FIG. 5 is an operation flow diagram 500 that illustrates an operation of application 102 on a user system interface 120-1 of an embodiment. Presentation component 202 of the application 102 displays information on output device 304 relating to a unique identifier which application 102 associates with and provides to output device 304 (501). In various embodiments, upon user system interface 120-1 having been established (see FIG. 4), application 102 may be utilized, either by a user 302 command or by a device component 212, incorporating a different output device 304' into user system interface 120-2 by transferring the unique identifier for output device 304 to output device 304'(502). Such an operation may occur in the event that user 302 pairs with a first output device 304, such as a public display screen, and is then moved to a second output device 304', such as a private display screen, to interface with application 102. In such embodiments, presentation component 202 or device component 212 would transfer the unique identifier to output device 304' for operation in user system interface 120-2. Presentation component 202 would then display a new unique identifier on first output device 304 to permit the creation of a new user system interface 120-3 with a new user (504).
 Upon a user system interface 120 having been established, user 302 can input (506) a query via client layer component 208 on client device 306. Presentation component 202 incorporates the query within the context of user's 302 use of application 102 (508). That is, every user's query is a combination of the user's input and the then current context. Search component 204 searches database 125 on the basis of the query and the context as established by presentation component 202 (510). Data organization component 206 displays information returned by search component 204 at least on output device 304 (512). In an embodiment the information being organized at least in part on the basis of context as provided by presentation component 202.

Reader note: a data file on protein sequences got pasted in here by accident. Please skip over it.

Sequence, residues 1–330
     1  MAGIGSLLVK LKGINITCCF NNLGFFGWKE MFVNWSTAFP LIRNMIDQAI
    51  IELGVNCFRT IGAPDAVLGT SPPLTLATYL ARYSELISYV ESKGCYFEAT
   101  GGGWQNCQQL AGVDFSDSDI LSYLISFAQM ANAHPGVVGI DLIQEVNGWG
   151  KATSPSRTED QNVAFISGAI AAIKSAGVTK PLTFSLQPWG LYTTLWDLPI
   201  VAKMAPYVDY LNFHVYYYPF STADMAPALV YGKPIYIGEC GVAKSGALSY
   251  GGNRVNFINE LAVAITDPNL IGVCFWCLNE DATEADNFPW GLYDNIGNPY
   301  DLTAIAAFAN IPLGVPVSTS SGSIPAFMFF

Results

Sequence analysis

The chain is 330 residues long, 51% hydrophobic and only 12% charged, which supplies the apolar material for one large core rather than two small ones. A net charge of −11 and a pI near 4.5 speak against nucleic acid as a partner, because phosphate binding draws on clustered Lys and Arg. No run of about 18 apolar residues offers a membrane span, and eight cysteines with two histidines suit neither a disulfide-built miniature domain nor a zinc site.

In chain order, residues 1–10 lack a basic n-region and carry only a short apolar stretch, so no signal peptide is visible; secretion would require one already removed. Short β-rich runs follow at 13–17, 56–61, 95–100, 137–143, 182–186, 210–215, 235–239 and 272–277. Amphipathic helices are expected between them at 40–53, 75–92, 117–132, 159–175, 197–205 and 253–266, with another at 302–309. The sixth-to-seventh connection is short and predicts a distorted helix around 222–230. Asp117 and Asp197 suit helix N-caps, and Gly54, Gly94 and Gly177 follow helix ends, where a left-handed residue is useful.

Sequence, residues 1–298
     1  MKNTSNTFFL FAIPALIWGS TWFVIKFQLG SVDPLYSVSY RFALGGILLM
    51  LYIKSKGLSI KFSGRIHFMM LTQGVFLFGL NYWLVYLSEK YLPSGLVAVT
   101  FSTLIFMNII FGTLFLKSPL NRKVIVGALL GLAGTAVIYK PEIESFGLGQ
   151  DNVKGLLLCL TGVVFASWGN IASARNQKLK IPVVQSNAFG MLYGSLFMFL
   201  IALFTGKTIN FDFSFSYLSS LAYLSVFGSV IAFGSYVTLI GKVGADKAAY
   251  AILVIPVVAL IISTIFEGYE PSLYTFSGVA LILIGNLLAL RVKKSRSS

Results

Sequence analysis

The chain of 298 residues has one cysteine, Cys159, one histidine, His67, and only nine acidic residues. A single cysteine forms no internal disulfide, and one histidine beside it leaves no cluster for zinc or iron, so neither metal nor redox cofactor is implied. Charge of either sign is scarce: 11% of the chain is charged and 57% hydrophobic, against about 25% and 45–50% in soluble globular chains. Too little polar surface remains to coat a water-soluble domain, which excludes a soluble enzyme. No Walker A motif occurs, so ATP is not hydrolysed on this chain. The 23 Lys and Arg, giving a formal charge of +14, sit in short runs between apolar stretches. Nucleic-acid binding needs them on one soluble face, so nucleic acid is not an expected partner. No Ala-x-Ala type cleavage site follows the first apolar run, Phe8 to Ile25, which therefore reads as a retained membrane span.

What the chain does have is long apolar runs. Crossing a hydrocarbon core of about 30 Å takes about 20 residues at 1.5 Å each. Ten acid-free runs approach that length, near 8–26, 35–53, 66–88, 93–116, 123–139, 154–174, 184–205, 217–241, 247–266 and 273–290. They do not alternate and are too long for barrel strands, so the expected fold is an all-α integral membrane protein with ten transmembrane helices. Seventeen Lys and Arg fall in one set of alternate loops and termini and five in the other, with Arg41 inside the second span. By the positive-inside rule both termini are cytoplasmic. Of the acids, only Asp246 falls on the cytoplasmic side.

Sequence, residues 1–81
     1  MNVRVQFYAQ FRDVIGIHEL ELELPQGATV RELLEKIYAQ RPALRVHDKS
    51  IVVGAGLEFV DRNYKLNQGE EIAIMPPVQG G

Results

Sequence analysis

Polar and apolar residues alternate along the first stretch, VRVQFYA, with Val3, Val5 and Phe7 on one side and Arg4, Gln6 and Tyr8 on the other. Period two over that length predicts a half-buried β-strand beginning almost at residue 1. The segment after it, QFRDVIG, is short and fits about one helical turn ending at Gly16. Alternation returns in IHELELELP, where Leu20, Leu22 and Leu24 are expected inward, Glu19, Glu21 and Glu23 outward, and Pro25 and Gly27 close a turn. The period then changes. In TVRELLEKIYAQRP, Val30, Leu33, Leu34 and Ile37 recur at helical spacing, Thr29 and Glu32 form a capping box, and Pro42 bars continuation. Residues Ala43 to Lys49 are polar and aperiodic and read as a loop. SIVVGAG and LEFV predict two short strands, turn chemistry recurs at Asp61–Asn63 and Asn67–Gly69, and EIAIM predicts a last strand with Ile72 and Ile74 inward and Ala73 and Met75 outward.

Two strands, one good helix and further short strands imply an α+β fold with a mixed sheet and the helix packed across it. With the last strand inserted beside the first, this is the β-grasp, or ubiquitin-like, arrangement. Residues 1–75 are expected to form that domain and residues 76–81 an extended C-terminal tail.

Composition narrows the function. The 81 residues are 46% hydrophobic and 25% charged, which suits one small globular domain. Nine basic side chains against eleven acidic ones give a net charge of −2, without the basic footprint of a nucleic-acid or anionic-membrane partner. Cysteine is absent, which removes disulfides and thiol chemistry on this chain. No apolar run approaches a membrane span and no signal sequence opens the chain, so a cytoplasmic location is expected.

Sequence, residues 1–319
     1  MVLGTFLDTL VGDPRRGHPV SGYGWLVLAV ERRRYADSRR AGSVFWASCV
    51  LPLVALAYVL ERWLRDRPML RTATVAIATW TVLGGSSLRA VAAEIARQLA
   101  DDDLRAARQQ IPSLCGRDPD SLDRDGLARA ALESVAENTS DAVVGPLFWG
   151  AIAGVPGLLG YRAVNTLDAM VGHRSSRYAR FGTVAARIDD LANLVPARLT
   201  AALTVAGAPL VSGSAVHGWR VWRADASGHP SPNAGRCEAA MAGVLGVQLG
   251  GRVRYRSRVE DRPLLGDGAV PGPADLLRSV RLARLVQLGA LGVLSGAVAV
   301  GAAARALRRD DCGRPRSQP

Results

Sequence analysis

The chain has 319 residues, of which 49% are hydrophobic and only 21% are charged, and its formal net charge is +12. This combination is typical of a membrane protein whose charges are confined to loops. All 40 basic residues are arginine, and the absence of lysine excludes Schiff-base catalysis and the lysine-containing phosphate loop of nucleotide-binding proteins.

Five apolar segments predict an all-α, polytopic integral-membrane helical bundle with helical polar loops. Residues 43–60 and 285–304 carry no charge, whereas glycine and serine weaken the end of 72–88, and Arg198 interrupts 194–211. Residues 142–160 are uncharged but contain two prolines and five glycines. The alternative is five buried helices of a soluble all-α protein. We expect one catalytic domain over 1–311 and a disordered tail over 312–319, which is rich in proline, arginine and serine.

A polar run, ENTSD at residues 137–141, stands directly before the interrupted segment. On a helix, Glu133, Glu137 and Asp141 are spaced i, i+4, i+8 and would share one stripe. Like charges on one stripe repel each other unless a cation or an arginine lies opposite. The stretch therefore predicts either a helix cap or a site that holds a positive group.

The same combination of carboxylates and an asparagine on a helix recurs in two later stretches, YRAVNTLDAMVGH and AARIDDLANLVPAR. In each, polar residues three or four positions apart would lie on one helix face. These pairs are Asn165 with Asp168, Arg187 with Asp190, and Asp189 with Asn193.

User 302 utilizes client device 306 and client layer component 208 to manipulate the displayed information and the arrangement of the information on output device 304 (514). Presentation component 202 incorporates the user's manipulation into the context of user's use of application 102 (516). Data organization component 206 utilizes user's manipulation as well as the context to arrange the information on output device 304 (518). User 302 may interactively input (506) new queries and manipulate information (514) with the presentation component 202 (508, 516) incorporating such activities into the context of user's 302 use of application 102 and data organization component 206. A result of the new queries and manipulation is displayed (512, 518) on output device 304 accordingly. Such interactive use of application 102 via user system interface 120 may continue until either user 302 acts (520) to terminate (522) the user system interface 120, such as via client device 306 and client component 208, or application 102 acts (524) to terminate (522) user system interface 120, for instance through user 302 inactivity for an extended period of time.